Activation of the hypothalamus-pituitary-adrenal axis by bacterial endotoxins: routes and intermediate signals

Publication Type:

Journal Article


Psychoneuroendocrinology, Volume 19, Number 2, p.209-232 (1994)

DOI Name (links to online publication)



Adrenocorticotropic Hormone; Affect; Afferent Pathways; Animals; blood; Brain; Corticosterone; Corticotropin-Releasing Hormone; Dinoprostone; Endothelium; Vascular; Endotoxins; General Adaptation Syndrome; Hypothalamo-Hypophyseal System; immunology; Interl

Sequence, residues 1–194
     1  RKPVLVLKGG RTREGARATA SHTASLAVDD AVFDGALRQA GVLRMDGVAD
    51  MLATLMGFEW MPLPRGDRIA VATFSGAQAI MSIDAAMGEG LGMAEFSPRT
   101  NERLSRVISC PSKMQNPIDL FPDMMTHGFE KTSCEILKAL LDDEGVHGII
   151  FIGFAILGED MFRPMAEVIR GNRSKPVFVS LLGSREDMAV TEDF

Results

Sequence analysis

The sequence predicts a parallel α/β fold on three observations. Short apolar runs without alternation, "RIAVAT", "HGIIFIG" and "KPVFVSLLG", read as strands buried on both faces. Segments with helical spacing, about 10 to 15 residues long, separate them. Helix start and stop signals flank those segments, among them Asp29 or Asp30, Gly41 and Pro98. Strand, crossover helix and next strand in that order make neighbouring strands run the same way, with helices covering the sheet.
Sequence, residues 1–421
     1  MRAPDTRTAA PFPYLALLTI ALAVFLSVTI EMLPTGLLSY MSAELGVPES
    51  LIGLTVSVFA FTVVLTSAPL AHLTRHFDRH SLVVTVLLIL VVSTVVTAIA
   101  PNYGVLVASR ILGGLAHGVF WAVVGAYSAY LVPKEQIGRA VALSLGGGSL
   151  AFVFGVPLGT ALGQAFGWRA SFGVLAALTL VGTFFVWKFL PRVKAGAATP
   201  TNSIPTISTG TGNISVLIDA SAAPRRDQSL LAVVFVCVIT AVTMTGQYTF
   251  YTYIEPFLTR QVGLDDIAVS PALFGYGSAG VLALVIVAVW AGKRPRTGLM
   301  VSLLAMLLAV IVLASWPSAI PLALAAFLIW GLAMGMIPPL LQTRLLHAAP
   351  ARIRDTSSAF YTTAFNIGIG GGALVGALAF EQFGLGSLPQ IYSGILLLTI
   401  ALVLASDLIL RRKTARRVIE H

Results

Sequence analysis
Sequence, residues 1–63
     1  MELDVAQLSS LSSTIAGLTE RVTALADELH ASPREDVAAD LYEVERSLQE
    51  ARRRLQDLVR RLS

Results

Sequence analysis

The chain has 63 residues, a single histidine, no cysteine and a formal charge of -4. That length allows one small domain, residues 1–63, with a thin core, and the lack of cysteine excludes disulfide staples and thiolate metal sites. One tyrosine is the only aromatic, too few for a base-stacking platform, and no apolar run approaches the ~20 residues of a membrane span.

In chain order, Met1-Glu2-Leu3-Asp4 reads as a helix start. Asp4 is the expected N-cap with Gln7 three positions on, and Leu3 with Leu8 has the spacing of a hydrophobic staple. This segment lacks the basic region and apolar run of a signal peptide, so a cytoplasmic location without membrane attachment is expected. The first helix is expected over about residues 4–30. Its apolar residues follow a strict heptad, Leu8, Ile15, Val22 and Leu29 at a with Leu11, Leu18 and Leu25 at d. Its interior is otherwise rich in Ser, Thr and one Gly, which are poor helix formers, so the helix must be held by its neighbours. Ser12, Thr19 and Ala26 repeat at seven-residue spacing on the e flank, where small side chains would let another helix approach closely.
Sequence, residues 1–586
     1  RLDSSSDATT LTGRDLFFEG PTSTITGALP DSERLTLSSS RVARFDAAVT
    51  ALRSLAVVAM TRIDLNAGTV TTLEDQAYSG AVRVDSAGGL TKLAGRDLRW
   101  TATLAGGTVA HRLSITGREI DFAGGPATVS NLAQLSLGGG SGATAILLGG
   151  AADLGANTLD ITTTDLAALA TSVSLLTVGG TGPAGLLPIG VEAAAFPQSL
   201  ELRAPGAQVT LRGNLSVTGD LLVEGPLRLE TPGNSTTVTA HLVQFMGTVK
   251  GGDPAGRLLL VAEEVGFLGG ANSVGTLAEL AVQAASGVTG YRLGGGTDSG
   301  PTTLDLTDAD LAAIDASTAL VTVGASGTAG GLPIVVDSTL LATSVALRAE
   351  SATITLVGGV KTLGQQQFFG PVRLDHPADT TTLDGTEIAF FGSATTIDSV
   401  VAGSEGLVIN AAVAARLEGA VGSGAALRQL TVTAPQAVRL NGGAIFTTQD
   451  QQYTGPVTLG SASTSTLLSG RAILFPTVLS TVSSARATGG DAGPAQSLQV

Peripheral administration of endotoxin induces brain-mediated responses, including activation of the hypothalamus-pituitary-adrenal (HPA) axis and changes in thermoregulation. This paper reviews the mechanisms by which endotoxin affects these responses. The effects on thermoregulation are complex and include macrophage-dependent hyperthermic and hypothermic responses. Low doses of endotoxin, given IP, activate peripheral macrophages to produce interleukin (IL)-1 beta, which enters the circulation and acts as a hormonal signal. IL-1 may pass fenestrated endothelium in the median eminence to stimulate corticotropin-releasing hormone (CRH) secretion from the CRH nerve-terminals. In addition, IL-1 may activate brain endothelial cells to produce IL-1, IL-6, prostaglandins, etc., and secrete these substances into the brain. By paracrine actions, these substances may affect neurons (e.g., CRH neurons) or act on microglial cells, which show IL-1-induced IL-1 production and therefore amplify and prolong the intracerebral IL-1 signal. In contrast, high doses of endotoxin given i.v. may directly stimulate endothelial cells to produce IL-1, IL-6, and prostaglandin-E2 (PGE2) and thereby activate the HPA axis in a macrophage-independent manner